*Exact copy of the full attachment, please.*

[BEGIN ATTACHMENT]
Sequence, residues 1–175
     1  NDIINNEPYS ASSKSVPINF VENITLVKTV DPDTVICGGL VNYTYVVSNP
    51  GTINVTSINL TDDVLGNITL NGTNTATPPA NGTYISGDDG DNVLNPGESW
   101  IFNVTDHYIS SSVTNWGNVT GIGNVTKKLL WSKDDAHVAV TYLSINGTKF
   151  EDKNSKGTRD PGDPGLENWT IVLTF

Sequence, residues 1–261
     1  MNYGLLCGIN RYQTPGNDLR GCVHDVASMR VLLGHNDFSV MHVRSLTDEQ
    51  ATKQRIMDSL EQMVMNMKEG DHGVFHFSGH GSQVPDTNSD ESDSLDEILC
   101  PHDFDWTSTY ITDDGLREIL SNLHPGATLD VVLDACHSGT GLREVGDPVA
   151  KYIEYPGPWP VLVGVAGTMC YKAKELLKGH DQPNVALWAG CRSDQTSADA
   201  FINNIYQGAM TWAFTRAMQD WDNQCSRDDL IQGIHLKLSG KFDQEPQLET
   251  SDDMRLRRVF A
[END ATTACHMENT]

Sequence, residues 1–175
     1  NDIINNEPYS ASSKSVPINF VENITLVKTV DPDTVICGGL VNYTYVVSNP
    51  GTINVTSINL TDDVLGNITL NGTNTATPPA NGTYISGDDG DNVLNPGESW
   101  IFNVTDHYIS SSVTNWGNVT GIGNVTKKLL WSKDDAHVAV TYLSINGTKF
   151  EDKNSKGTRD PGDPGLENWT IVLTF

Sequence, residues 1–261
     1  MNYGLLCGIN RYQTPGNDLR GCVHDVASMR VLLGHNDFSV MHVRSLTDEQ
    51  ATKQRIMDSL EQMVMNMKEG DHGVFHFSGH GSQVPDTNSD ESDSLDEILC
   101  PHDFDWTSTY ITDDGLREIL SNLHPGATLD VVLDACHSGT GLREVGDPVA
   151  KYIEYPGPWP VLVGVAGTMC YKAKELLKGH DQPNVALWAG CRSDQTSADA
   201  FINNIYQGAM TWAFTRAMQD WDNQCSRDDL IQGIHLKLSG KFDQEPQLET
   251  SDDMRLRRVF A